“I think he will be a wonderful bridge figure between the new and old worlds,” Astell said.  “He’s lived and studied in Germany as well as in his native Argentina. … He is a child of Italian immigrants and his father worked for the railroads. He comes from humble origins, which I think will help him to stay in touch with the little people.”

Appleby said he expects Francis will exhibit the traits many Jesuits cultivate while in the order.

“If the new pope is anything like his fellow Jesuit, our own [theology professor] Fr. Brian Daley, … he is erudite, disciplined and dedicated to the apostolic works of the Church,” Appleby said.

Bergoglio was the subject of unproven allegations of misconduct during Argentina’s “Dirty War,” when the military junta in power from 1976-83 kidnapped and killed thousands. Despite these accusations, Bergoglio played a crucial role in helping the Church reconnect with Argentinians after some Catholic leaders were implicated in the terror.

Noble said Francis’s leadership through that challenging time suggests what he could accomplish as pope.

“He’s a very humble man, a very austere man that has brought one of the most conservative Catholic churches in the world into the modern era,” Noble said. “In Argentina, the Catholic Church was very much aligned with a series of very repressive regimes for a long time. So, is that [revitalization of the Argentinian Church] a signal of what he might do as pope?”

Noble said the pope’s experience managing the Archdiocese of Buenos Aires might enable him to usher in a new era of curial reform.

“Apparently, he has been a very efficient administrator of his diocese in Buenos Aires, which is a large and complex diocese,” Noble said. “How he deals with the appointments and reappointments in the Vatican will tell us a lot about how we should think of him.”

Noble said the new pope will be challenged to effectively manage the Roman Curia, which rules the Vatican, to respond to increasingly strong evangelical strains of Christianity in Latin America and to address any other crises that might arise. The election of Bergoglio might imply the Vatican’s willingness to accept a pope who would ‘clean house,’ especially within the Curia, Noble said.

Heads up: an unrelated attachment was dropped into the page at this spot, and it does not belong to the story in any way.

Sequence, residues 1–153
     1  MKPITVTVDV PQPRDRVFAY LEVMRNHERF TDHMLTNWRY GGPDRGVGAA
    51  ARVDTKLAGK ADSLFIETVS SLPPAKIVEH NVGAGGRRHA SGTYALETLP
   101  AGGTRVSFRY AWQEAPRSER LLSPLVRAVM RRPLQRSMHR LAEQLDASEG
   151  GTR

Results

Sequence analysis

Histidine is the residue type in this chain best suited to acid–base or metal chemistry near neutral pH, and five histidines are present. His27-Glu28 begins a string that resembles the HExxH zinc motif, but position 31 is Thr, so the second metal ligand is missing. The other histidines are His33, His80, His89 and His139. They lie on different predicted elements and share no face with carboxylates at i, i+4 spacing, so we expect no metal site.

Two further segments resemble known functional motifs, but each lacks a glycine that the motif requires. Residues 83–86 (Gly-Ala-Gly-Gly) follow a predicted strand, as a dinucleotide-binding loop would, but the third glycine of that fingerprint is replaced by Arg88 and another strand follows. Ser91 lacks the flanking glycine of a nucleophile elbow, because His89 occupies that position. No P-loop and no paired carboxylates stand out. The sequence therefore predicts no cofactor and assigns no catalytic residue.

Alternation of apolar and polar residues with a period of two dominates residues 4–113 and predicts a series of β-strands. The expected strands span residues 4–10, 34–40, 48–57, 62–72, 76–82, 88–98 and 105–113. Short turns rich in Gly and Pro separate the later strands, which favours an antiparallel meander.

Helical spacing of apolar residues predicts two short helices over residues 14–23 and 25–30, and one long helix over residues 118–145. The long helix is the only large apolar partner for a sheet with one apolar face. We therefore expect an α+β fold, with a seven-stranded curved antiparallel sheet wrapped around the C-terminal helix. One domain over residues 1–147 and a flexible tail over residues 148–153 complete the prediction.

“The question of the [cardinals] was whether or not they would try to build consensus to pick someone who would maintain the status quo, but obviously they’ve reached far outside of that group,” Noble said. “Is this a signal that they want someone to come in and clean house? 

“For more than a century, the Church’s response to crises has been to circle the wagons and to protect the institution. A lot of the time that is noble, admirable, but at other times that has gotten the Church into trouble. I think the sex abuse scandal is the best example of that [trouble] … If they had said ‘We are going to clean house,’ they might have been better off.”

Appleby said Pope Francis embodies many of the qualities necessary to help people recommit to the Church. He will likely be especially effective in reaching young people, Appleby said.

“The young people of the world in particular seek authenticity in a pope – the authentic face of Christ as a humble servant, clear teacher and moral and spiritual example,” Appleby said. “Pope Francis is known as an accomplished administrator, serious of purpose and dedicated to running a tight ship.

“He seems to not be tarnished by the sexual abuse scandal. He has spoken out on behalf of the poor, and lives a simple life with a humble spirit. All of these qualities will be welcomed by Catholics, not least [by] young people.”

To be named Pope, Bergoglio needed to receive 77 votes, two-thirds of the 115 votes of the Cardinals in attendance. Bergoglio was elected on the fifth ballot in one of the fastest conclaves in years, though he was not seen as a frontrunner before the conclave began Tuesday. 

Reportedly, Bergoglio was the second choice for the papacy during the 2005 conclave that resulted in the election of Pope Benedict XVI.

Astell said Bergoglio will likely view his candidacy in 2005 and 2013 as evidence of God’s will that he serve as pope. This sense of God’s will and the support of Catholics worldwide will give him courage, she said.

“He asked for our prayers, and that’s the really beautiful thing – the courage to step into those big shoes of the fisherman with an openness to God’s will,” Astell said. “I think he must rest at peace knowing that this is God’s will and that that will give him strength. There really is a grace of office.”